Divorce, Israeli Style: Haredi Divorce Case Turns Into War Between Religious Lifestyles
When a couple with three children recently divorced in an Israeli state rabbinical court at the wife’s request, everything appeared to be amicable and going as well as any divorce could go. But the outward appearance of calm was only a ruse.
Haredi Divorce Case Turns Into War Between Religious Lifestyles
Shmarya Rosenberg • FailedMessiah.com
When a couple with three children recently divorced in an Israeli state rabbinical court at the wife’s request, everything appeared to be amicable and going as well as any divorce could go.
The ex-husband reportedly agreed to pay all educational costs for the three children. The wife agreed to allowing her ex-husband to have visitation with the children at minimum twice every week, and to have custody every other Shabbat. Custody for the Jewish holidays were divided equally between the parents. And the ex-wife willingly agreed that she would not disparage her ex-husband – or his new lifestyle. And the divorce agreement even allowed the children to visit their father more often, if they choose to do so.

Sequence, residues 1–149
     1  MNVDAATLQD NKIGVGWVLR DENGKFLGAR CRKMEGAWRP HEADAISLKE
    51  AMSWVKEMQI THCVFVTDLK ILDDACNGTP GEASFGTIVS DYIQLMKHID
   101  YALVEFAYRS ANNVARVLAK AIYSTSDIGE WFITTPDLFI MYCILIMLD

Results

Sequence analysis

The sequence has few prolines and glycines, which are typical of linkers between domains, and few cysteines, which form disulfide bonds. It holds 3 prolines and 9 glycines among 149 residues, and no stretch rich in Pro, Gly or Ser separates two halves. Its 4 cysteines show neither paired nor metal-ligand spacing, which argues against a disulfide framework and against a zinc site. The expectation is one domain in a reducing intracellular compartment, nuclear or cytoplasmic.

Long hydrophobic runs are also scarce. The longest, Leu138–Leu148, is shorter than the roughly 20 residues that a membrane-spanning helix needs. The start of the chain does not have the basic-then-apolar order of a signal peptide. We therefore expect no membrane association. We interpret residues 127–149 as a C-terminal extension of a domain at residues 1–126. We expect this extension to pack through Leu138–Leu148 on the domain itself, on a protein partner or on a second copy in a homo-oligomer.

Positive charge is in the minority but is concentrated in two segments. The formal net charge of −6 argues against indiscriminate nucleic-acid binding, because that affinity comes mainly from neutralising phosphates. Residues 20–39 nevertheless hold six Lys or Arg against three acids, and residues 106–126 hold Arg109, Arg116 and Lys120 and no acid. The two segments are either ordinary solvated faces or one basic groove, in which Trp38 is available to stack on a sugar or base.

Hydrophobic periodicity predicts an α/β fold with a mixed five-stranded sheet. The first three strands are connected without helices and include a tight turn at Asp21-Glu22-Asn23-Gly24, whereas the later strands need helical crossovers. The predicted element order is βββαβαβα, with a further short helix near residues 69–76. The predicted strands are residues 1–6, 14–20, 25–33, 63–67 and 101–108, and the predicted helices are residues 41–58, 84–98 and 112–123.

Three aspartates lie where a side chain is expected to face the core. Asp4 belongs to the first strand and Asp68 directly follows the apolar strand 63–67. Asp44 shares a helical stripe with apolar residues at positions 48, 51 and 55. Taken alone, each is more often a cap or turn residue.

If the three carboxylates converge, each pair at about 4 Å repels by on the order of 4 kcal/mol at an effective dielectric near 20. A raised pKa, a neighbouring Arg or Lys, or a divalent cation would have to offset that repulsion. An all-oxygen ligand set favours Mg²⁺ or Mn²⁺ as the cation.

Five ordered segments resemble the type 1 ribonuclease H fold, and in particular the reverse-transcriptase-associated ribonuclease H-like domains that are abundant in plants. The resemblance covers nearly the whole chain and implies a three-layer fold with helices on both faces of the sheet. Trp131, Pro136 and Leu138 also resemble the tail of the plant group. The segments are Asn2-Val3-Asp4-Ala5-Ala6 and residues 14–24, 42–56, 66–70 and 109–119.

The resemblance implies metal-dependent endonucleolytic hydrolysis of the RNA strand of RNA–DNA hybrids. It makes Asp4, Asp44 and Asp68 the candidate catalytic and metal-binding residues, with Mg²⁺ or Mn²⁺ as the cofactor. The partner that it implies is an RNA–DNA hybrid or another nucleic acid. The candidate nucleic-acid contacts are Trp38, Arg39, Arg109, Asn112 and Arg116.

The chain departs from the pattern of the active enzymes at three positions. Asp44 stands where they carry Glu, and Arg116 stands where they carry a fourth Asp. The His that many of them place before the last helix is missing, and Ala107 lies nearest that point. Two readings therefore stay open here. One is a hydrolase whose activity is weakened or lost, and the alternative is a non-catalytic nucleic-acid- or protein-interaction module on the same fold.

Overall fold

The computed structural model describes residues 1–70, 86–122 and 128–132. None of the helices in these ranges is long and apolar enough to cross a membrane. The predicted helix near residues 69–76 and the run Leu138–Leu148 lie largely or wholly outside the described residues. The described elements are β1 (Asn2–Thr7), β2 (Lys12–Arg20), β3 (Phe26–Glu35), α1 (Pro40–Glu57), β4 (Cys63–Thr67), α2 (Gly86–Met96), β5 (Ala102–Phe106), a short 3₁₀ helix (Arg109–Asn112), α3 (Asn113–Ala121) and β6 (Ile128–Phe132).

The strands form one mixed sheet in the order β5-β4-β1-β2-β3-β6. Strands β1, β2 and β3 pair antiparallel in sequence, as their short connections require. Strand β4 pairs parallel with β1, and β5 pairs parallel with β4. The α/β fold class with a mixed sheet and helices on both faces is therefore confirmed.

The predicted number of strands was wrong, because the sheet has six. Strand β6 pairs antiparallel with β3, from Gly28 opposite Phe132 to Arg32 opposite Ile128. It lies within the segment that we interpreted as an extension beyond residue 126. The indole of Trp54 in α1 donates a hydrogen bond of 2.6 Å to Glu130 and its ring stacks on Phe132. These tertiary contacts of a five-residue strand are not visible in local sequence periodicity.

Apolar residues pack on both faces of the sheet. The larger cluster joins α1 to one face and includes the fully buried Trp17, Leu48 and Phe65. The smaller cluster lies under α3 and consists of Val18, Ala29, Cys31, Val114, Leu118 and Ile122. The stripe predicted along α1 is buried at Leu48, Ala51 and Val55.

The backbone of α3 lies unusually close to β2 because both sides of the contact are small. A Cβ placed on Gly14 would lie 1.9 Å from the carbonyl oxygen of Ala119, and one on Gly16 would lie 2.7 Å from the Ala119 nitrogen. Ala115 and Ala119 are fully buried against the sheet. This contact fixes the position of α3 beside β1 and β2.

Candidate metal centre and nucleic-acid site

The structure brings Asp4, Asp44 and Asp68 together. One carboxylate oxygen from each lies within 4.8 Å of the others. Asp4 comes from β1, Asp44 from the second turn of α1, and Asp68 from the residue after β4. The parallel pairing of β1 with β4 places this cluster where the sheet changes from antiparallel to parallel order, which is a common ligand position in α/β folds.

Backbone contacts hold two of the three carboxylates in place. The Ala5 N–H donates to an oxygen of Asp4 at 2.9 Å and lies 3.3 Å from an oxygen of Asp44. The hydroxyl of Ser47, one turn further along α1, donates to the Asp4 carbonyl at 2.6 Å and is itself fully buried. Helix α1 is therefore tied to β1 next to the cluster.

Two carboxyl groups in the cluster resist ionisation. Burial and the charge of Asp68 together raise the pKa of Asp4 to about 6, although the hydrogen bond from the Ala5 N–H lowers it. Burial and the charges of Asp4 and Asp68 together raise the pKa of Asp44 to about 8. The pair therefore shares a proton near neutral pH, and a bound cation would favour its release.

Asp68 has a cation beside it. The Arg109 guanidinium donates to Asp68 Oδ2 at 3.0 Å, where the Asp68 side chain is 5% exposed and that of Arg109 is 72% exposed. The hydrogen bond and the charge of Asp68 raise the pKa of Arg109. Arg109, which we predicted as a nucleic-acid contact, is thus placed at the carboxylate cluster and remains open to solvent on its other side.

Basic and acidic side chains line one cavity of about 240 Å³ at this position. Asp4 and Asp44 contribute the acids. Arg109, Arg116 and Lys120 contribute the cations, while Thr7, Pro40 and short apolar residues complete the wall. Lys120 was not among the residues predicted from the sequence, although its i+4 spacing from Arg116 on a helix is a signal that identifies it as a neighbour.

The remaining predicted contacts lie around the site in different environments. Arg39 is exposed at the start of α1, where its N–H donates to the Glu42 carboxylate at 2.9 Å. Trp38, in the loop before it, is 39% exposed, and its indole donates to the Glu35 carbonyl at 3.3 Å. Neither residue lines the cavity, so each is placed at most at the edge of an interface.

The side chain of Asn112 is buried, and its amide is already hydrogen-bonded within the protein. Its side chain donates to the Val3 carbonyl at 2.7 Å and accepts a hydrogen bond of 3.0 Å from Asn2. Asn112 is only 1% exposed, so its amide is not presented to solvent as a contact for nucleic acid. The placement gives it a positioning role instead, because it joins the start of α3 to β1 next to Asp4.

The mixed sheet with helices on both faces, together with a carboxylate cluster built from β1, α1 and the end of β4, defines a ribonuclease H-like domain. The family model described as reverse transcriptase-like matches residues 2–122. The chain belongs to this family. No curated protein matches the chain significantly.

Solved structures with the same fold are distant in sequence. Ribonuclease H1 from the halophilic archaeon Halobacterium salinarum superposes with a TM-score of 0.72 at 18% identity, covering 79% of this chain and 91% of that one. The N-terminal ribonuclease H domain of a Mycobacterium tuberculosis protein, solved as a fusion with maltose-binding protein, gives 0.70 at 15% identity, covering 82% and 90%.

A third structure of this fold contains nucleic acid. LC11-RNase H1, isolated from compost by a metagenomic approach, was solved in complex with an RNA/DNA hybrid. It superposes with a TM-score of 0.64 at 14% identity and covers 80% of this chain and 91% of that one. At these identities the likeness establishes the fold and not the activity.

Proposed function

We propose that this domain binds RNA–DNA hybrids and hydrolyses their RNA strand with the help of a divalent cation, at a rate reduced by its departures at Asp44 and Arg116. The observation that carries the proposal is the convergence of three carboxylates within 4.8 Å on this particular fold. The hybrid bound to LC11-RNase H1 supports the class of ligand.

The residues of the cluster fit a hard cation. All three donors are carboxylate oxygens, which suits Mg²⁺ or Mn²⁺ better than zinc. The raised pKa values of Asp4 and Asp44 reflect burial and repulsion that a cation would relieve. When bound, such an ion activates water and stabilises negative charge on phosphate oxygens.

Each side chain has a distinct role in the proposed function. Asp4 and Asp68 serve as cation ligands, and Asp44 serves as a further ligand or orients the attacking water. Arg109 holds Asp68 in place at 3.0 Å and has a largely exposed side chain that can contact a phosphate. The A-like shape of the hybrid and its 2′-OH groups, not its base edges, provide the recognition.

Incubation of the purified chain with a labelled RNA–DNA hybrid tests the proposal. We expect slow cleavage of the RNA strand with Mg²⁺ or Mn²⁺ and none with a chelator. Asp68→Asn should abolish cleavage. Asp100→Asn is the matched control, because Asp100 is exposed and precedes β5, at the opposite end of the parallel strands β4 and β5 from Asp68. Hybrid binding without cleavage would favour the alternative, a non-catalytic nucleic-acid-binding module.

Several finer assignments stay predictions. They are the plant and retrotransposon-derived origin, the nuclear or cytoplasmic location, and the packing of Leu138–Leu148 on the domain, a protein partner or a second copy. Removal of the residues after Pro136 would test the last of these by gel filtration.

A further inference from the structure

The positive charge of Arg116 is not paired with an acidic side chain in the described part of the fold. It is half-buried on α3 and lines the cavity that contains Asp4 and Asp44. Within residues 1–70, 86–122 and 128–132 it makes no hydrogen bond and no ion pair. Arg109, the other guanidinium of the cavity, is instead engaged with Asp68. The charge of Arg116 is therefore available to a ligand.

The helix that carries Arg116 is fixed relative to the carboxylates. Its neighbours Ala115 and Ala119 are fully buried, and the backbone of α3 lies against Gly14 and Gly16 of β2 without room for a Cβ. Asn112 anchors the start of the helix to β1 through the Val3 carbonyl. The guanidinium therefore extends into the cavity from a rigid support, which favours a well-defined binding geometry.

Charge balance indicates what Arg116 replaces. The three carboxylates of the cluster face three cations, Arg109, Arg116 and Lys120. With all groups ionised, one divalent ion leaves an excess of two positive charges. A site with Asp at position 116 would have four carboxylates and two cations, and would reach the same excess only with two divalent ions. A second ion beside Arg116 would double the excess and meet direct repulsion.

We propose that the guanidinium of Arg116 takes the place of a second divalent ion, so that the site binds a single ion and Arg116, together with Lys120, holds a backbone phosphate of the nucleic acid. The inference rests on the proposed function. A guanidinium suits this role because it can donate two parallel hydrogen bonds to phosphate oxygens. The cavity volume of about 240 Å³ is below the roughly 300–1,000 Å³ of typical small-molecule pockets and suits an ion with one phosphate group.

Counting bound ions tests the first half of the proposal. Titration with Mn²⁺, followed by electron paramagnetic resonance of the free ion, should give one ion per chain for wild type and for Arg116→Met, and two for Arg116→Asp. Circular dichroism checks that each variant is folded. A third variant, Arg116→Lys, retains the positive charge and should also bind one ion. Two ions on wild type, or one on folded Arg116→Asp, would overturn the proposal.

But it appears that this outward appearance of calm was nothing more than a ruse.
Immediately after the divorce and custody agreement was approved by the Tel Aviv rabbinical court, the ex-wife reportedly forbid the children from visiting their father. In doing so she violated the divorce and custody agreement.
The woman reportedly took this step because she feared that her husband’s new lifestyle – the new lifestyle that had prompted her to seek a divorce in the first place – would negatively influence the children.
After his own attempts and those of the ex-couple’s attorneys to try to work out the situation failed, the ex-husband petitioned the rabbinical court and asked it to use its power to force the woman to comply with the divorce and custody agreement she willingly signed.
But the defiant haredi woman reportedly told the rabbinic judges that she will not budge, she will not keep the agreement, claiming that she fears that her ex-husband’s lifestyle will negatively impact the children.
The rabbinic judges are still debating what action, if any, they will take against the recalcitrant woman, including the possibility that they will levy a fine of tens of thousands of shekels.
What is the ex-husband’s new lifestyle that allegedly prompted the ex-wife to ask for a divorce and that now allegedly is causing her to fear for the future of her children if they are exposed to it?
Religious Zionism, also known as Zionist Orthodoxy or Centrist or Modern Orthodoxy.